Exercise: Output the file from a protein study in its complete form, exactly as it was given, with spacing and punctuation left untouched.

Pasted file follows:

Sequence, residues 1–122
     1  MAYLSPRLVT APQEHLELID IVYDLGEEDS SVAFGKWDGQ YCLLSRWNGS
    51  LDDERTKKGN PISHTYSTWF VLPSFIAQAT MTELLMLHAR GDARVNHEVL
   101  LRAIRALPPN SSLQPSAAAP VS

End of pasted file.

Sequence, residues 1–122
     1  MAYLSPRLVT APQEHLELID IVYDLGEEDS SVAFGKWDGQ YCLLSRWNGS
    51  LDDERTKKGN PISHTYSTWF VLPSFIAQAT MTELLMLHAR GDARVNHEVL
   101  LRAIRALPPN SSLQPSAAAP VS